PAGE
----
Daikon is really nice as a salad, just make long ribbons woth a peeler and make a soy and sesame dressing. You can also grate it very finely and mix it with a little chilli powder to have it cold on top of steak.

The radish flowers made me smile.

Pamela said...

Thanks for sharing! I love these meme's!

Ange said...

Anthony - thks for the Daikon tips, love soy & sesame dressing so anything that goes well with that must be good!

neil said...

Great meme ange. I had the same thoughts about globe artichokes, but one day just got stuck in, I think the fear people have is how much to trim, the answer is a lot, it doesn't really matter if there is a tough bit or two left in. There always seems so much leftover, maybe that's why they are such a treat.

My wife D is with you on potatoes, she has them with EVERY meal, must be a Polish/Lithuanian thing.

Duonyte said...

The Lithuanian potato thingie with mince is a "cepelinas" (zeppelin) (its traditional name) or a "didzkukulis" or "big dumpling", in the language police version. Here is a recipe:
This recipe is intended to walk a novice through...I apologise to the veterians!

Cepelinai

Cepelinai are served as a complete meal.

There are 3 key 'secrets' in this recipe
1. Getting the meat mixture to remain soft
2. Keeping the potato dough white
3. Getting the potato dough to stay together during boiling

Meat Mixture
2 lbs of ground meat, use a combination of beef, pork, veal or just beef, or any combination thereof
Add your choice of seasoning - I use seasoning salt, pepper and a bit of parsley
Add some cooked chopped onion (Irene, the 'Cepelinai Guru', says to cook the onion in butter or margarine. She says the texture is not right if done in oil. I can't see why it would make a difference, but that's what the expert says.)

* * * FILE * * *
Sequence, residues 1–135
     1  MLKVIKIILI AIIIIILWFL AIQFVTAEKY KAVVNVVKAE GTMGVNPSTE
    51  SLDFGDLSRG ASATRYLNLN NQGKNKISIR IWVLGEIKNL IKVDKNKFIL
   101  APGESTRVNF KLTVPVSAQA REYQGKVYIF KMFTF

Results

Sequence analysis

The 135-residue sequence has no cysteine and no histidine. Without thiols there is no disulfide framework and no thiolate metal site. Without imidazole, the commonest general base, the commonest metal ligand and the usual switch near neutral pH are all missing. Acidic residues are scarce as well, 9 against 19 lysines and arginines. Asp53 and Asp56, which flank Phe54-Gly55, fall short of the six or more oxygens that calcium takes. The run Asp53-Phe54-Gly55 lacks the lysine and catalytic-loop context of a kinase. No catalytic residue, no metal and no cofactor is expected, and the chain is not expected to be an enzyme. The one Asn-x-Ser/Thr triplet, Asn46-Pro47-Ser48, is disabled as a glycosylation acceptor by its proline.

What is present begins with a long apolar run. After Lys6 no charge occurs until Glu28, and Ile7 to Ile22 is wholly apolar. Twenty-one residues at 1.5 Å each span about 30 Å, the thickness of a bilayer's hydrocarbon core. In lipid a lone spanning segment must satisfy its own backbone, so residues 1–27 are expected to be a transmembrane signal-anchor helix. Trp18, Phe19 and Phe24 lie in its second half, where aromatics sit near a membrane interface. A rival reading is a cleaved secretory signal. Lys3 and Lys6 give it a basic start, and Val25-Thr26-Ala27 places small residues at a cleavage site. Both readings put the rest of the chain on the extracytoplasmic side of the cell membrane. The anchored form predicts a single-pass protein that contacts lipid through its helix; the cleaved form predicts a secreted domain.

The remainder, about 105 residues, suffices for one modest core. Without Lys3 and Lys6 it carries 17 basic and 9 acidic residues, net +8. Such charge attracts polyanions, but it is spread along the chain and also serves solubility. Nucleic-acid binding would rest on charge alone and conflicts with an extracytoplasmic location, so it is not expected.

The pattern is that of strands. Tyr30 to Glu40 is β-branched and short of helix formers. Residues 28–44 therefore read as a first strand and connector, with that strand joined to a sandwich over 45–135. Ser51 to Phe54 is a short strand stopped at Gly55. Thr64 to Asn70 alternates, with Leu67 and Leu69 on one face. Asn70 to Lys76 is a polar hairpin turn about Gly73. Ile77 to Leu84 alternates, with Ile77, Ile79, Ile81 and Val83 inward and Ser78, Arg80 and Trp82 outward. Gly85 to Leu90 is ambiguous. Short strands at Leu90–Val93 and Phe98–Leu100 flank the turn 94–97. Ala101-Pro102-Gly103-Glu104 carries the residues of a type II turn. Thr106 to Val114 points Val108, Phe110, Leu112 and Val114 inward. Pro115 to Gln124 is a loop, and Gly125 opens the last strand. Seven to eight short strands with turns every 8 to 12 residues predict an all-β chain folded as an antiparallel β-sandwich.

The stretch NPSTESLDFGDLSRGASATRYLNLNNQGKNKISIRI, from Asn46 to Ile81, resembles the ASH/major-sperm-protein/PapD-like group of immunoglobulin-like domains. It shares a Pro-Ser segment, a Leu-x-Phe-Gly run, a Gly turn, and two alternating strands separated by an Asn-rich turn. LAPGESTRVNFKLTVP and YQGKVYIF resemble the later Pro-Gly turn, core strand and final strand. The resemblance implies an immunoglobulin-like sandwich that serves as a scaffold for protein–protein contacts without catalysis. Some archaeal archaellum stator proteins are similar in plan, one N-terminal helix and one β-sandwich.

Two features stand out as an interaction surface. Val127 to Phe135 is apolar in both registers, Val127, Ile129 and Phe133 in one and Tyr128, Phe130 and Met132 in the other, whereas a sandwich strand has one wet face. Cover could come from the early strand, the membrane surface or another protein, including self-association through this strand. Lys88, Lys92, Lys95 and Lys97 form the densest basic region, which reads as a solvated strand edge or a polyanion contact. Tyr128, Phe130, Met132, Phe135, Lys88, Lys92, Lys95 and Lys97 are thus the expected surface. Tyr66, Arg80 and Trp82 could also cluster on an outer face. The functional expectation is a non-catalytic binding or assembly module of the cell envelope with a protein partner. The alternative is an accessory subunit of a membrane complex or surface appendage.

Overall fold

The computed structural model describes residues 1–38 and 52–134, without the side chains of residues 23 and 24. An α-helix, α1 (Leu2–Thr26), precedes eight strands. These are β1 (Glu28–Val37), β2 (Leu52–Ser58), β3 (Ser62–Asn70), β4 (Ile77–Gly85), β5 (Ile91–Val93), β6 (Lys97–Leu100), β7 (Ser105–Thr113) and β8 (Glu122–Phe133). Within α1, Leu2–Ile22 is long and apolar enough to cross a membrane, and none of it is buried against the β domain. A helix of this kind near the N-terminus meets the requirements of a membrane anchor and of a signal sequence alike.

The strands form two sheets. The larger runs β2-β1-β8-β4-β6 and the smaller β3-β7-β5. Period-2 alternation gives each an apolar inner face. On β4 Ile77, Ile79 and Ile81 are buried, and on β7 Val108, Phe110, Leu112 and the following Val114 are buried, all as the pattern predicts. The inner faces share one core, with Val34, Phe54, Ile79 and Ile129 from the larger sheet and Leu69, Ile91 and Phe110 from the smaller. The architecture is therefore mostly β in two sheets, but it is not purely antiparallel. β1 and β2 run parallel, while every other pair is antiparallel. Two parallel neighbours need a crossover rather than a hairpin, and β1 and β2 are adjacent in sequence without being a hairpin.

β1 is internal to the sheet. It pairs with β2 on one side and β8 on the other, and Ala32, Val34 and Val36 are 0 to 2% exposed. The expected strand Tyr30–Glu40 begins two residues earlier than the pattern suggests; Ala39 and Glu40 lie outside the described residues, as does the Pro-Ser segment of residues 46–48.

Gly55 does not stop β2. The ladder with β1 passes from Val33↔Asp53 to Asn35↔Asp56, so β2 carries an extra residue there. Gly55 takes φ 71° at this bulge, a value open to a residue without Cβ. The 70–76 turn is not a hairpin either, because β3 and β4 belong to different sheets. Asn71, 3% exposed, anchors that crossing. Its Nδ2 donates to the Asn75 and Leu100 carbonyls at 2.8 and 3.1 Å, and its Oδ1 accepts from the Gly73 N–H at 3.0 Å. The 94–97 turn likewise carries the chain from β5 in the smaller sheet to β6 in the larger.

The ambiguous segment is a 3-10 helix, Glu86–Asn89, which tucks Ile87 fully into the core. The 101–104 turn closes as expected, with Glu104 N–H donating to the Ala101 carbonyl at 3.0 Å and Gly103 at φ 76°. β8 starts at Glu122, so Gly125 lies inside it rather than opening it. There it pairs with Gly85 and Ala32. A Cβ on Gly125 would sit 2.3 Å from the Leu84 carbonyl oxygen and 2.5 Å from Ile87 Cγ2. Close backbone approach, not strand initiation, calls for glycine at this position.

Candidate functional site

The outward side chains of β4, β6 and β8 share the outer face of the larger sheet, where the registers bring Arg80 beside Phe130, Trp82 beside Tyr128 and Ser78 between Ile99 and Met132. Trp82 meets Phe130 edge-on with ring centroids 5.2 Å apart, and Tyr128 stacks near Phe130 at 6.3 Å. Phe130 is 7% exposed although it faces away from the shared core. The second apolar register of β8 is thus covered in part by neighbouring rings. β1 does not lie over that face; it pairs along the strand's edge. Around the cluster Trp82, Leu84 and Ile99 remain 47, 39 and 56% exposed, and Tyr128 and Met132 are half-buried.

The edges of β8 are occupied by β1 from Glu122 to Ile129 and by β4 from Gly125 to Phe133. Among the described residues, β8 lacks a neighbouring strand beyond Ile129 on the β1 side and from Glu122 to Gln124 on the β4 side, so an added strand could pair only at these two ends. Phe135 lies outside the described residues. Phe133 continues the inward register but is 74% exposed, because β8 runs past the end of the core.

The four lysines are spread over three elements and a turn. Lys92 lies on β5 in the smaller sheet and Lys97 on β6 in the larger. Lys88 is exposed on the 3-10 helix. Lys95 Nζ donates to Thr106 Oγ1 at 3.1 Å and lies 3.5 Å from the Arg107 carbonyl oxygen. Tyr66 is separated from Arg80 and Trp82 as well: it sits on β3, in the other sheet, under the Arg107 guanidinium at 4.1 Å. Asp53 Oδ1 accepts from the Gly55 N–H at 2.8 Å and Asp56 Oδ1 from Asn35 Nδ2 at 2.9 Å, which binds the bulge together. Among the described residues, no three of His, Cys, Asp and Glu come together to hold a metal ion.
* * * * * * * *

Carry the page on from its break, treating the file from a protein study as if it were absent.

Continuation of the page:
Add some beef bullion base - at least a tablespoons full
Add water. This is an absolute must to keep the meat mixture soft. Any where from 1/2 cup to a full cup. As long as the meat easily absorbs the water.
Do NOT add eggs or any filler to the meat!

Potato Dough
When peeling the potatoes, keep them in water with some fruit keeper crystals, or a few tablets of vitamin C (Ascorbic Acid) (If using vitamin C -500mg, use about 10 tablets dissolved in water before you start peeling. Add some of this to your peeled potatoes in water and reserve the rest for later.)

You can do the grating in a food processor. To get a sense for the texture, grate a potato with a hand grater and use as a reference - add a few drops of vitamin C water so the potato stays white.
What follows is for 10 lbs of potatoes. (Irene usually makes 15 lbs. which yields about 30 cepelinai. Most people will easily eat two. The men will have 3+ )

Use Idaho or Russet potatoes.

Boil 4 potatoes and mash - no milk or anything else.

Process the raw potatoes and keep adding some fruit crystals or vitamin C water as you go. You can process to a texture that is a bit finer than the hand grated potato, but definitely not more coarsely.

When you empty the processor put the potatoes in a pot or container with a lid. You want to minimize the potatoes' exposure to the air. If the potatoes start to discolor at all, add ascorbic acid.

When all the potatoes have been processed, add some ascorbic acid for good measure.

Then find a linen or cotton tea towel, definitely not terry cloth.
Then put 2 or 2 1/2 soup ladles full of potato into the middle of the towel. (You'll soon figure out the amount you need - a lot depends on the size of your hands and the strength of your hands. I have small hands and use only 1 1/2 ladles.) Gather up the towel, and start to squeeze the juice out of the potatoes until it is hard to get any more juice out. Your towel needs to be in good shape or it will split. If need be, go out and buy one to be used for this process. Cheese cloth does not cut it. It is too loosely woven.

Reserve the liquid.

Add the mashed potato to the squeezed potatoes. Also add one package of potato dumpling mix (sold in deli. I think the brand name is PANNI, although there may also be others. This is used to help hold the potato dough together. Probably, potato flour or starch would also work, but have no idea on the amounts.) Add 3 eggs (again these are for their gluing properties, rather than for taste.)

Return to your reserved potato juice. The starch should have settled to the bottom. Carefully pour off the juice into another container - you only need to save about a cup. Add the starch to the squeezed potatoes. Kneed your potato dough only to mix all ingredients. (Irene adds